Africa: Can the World Really End Poverty By 2030?

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The slogan “make poverty history” has been used by development pundits and pop star philanthropists for years. Now, in a bid to turn words into deeds, it is being discussed as a universal global target to be met within a generation.

The Millennium Development Goals (MDGs), eight poverty-reduction targets that were signed during a world summit in 2000, will be retired next year. Diplomats, aid experts and UN officials are currently negotiating the 15-year objectives that will replace them in 2016.

Discussions are ongoing, but they are likely to be called the Sustainable Development Goals (SDGs) and feature a dozen-or-so targets. The headline goal is likely to be the end of extreme poverty and having nobody living on less than US$1.25 a day by 2030.

The new goals will not be finalized until September 2015, but the framework is already agreed. Proposed goals include raising the quality of schools for all children and steps towards providing universal health care to the world’s 7 billion people.

More controversial planned targets include making governments less corrupt, halting climate change, streamlining immigration systems and limiting how much the richest people in any society can earn as compared to the poorest.

Gina Lucarelli, a policy expert for the UN Development Programme, described a game-changing debate that – at least on paper – purports to realize the long-stated goal of an equitable and sustainable planet.

“The diplomats want it to be measurable and ambitious, they want to be the generation of negotiators who broke through with something transformative,” she said. “It’s not business as usual. We have the resources. We have the expertise. We can really change things.”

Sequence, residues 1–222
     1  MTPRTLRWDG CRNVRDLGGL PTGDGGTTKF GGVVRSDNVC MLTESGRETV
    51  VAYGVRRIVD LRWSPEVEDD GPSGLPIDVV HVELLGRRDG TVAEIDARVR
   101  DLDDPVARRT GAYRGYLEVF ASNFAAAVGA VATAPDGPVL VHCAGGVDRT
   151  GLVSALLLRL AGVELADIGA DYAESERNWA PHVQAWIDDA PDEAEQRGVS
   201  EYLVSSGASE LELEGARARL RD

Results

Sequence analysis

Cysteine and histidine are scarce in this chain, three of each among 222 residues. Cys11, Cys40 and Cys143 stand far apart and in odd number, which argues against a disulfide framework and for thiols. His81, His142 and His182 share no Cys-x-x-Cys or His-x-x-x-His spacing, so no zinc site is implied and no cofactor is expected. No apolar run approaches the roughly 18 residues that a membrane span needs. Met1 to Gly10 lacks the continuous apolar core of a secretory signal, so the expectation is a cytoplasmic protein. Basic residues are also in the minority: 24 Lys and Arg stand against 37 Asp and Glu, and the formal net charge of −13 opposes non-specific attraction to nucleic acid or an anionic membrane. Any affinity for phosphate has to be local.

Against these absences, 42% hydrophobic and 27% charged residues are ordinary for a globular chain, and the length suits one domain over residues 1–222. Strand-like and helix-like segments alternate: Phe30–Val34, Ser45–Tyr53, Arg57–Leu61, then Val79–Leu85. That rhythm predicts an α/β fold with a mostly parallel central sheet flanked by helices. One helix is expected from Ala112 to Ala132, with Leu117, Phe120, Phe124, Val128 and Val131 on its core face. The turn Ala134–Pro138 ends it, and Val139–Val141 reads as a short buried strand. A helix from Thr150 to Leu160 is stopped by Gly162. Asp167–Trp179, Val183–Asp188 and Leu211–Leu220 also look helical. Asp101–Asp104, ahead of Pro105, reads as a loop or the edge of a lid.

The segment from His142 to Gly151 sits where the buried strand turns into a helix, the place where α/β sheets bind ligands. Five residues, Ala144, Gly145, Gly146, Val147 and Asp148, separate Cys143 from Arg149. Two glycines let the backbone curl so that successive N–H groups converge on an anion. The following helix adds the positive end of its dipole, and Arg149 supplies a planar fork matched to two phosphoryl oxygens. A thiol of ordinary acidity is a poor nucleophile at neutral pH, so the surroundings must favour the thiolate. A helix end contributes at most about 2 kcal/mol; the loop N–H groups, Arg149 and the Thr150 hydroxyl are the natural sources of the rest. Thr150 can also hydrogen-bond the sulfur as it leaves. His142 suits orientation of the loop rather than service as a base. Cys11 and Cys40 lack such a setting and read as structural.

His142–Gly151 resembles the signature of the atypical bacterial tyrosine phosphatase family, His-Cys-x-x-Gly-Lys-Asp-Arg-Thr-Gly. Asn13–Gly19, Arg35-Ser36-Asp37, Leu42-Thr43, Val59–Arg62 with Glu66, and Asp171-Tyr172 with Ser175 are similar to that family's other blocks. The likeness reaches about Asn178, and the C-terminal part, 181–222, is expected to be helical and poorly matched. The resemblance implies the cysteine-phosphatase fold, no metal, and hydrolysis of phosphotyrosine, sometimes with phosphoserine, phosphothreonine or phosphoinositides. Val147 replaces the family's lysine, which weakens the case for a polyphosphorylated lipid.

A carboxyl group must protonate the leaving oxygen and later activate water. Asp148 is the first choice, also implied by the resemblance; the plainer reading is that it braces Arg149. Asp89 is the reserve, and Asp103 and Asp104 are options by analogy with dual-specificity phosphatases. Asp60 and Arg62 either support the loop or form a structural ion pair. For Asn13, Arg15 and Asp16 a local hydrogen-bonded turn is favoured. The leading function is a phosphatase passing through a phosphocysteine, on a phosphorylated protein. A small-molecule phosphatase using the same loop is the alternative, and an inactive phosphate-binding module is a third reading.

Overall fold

While few development economists debunk the MDGs, opinions are mixed over the effectiveness of targets agreed upon in New York in changing realities on the ground in the neediest parts of Africa, Asia and South America.

This is partly because some MDGs will succeed by the end of 2015 and others will not. The goal of halving the number of people living on less than $1.25 a day saw rapid progress and was met five years ahead of schedule.

Other targets, such as enrolling all girls and boys in primary schools or slashing by three quarters the number of women who die in childbirth, have achieved partial success but will remain unfulfilled by next year’s deadline.

Importance of targets overstated?

Another reason for caution is the lack of clarity over whether UN goals caused the gains. Many analysts agree that advances against poverty were a by-product of double-digit growth in the populous emerging markets of China and India.

“We can massively overstate the importance of targets,” said Claire Melamed, from the UK-based Overseas Development Institute. “At best, they tweak at the margins. The main driver in a country is not UN targets. From China to Thailand and Kenya, governments are more concerned by their internal political dynamics.”

There are other criticisms of the MDGs: they are aspirational aims and not legally-binding commitments; they were weak on climate change and on making rich countries help the developing world via trade, debt relief and investment.